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Prioritising health in Dachshunds - introducing the IVDD scheme supported by the Kennel Club

The following article appears in the January 2021 edition of the Kennel Gazette.


Dachshunds in their six varieties are enduringly popular and iconic breeds. In fact, the Miniature Smooth variety features in the top five most registered breeds with The Kennel Club in 2020, in what appears to be a surge in the breed’s popularity over the last five years.


But Dachshunds are also predisposed to Intervertebral Disc Disease (IVDD) – it’s the most common health problem in breed’s UK population according to Dachshund Health UK, with up to one in four being affected at some stage in life.


IVDD is caused by a progressive degeneration of the discs in the spine. Intervertebral discs sit between the vertebrae in the spine, acting as shock absorbers and allowing flexibility in the back. As dogs age, these discs degenerate and calcify; however, in Dachshunds, research shows that this can appear at a much earlier age compared to other breeds.


Dogs affected with IVDD may at best require rest and medication, but can also require invasive surgery and long-term rehabilitation therapy, or in severe cases it can lead to euthanasia.


The growing demand for these dogs from the everyday puppy buyer, coupled with the already recognised health problems in some Dachshunds, has led The Kennel Club Neurology Development Group - comprised of dog health experts, academics, specialist vets and breeders - to develop The Kennel Club IVDD Scheme, in partnership with Dachshund Health UK.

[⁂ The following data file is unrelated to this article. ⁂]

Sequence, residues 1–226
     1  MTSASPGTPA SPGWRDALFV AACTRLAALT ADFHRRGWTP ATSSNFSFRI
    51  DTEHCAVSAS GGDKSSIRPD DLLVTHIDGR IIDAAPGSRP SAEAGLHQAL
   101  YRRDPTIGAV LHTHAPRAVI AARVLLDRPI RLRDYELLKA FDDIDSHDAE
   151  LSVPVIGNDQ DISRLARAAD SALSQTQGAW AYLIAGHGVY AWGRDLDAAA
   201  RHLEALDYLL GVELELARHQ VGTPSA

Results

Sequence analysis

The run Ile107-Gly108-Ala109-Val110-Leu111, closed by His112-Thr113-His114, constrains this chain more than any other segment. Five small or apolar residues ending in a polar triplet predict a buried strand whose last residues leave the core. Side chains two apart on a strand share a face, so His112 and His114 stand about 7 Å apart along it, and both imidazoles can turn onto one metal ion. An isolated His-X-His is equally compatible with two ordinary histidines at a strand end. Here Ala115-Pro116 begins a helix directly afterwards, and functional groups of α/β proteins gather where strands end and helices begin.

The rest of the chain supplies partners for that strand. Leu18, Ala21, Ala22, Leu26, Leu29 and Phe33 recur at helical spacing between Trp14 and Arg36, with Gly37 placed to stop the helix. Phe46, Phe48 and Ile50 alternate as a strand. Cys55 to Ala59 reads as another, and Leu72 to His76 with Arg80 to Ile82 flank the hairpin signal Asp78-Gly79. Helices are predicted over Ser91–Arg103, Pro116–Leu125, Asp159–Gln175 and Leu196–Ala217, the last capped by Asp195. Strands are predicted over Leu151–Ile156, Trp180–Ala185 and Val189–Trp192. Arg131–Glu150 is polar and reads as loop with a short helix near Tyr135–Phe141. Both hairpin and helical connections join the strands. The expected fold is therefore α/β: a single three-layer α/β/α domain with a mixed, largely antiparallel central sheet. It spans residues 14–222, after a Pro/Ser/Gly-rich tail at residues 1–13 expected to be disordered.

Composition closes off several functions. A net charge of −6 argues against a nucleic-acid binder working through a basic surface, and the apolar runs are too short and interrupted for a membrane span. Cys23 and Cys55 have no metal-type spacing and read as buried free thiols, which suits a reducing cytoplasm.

The Kennel Club IVDD Scheme will be available for all Dachshund varieties and is based on the already existing Dachshund Breed Council Screening Programme and evidence from Scandinavia, which shows the risk of IVDD is correlated with the number of intervertebral disc calcifications.


From early 2021, participating veterinary practices located across the UK will offer x-ray screening and subsequent back scoring by a scrutineer. Scrutineers, who are all neurology experts, use a pre-defined protocol to grade the dog from zero to three, depending on the number of calcifications present in the spine. The higher the number of calcifications found, the more at risk a dog is for developing clinical signs, and passing the disease on to offspring.


The IVDD Scheme, which ultimately aims to reduce the prevalence of the disease to help protect the breed’s future, will be supported by guidelines for breeders, which enable them to understand the grade for their dogs in terms of risk when considering potential matings. For Kennel Club registered dogs, grades will be recorded on The Kennel Club’s database, and published in the Breed Records Supplement and on the Health Test Results Finder.


As part of the scheme’s launch and to encourage screening, the first 200 owners to have their dog/s screened will be subsidised - £100 by The Kennel Club and £100 by Dachshund Health UK.

“This scheme is a huge step in the right direction to improve Dachshund health and protect the future of these much-loved breeds,” explains Bill Lambert, who heads up The Kennel Club health team and sits on the Neurology Development Group. “It will enable better identification of dogs at risk of IVDD, provide breeders and owners with the best available information and advice to make informed decisions, and provide data for ongoing research. We’d really urge all those within Dachshunds to make use of this tool and to take advantage of the subsidies on offer when it launches.”


Alongside the scheme, research continues. The Kennel Club Charitable Trust has committed over £85,000 funding for ongoing neurology research at the University of Cambridge by Principal Clinical Neurologist and leading IVDD researcher, Dr Paul Freeman.


“This scheme, alongside the research which will help us better understand IVDD, really does have the potential to improve Dachshund health for generations to come,” concluded Bill.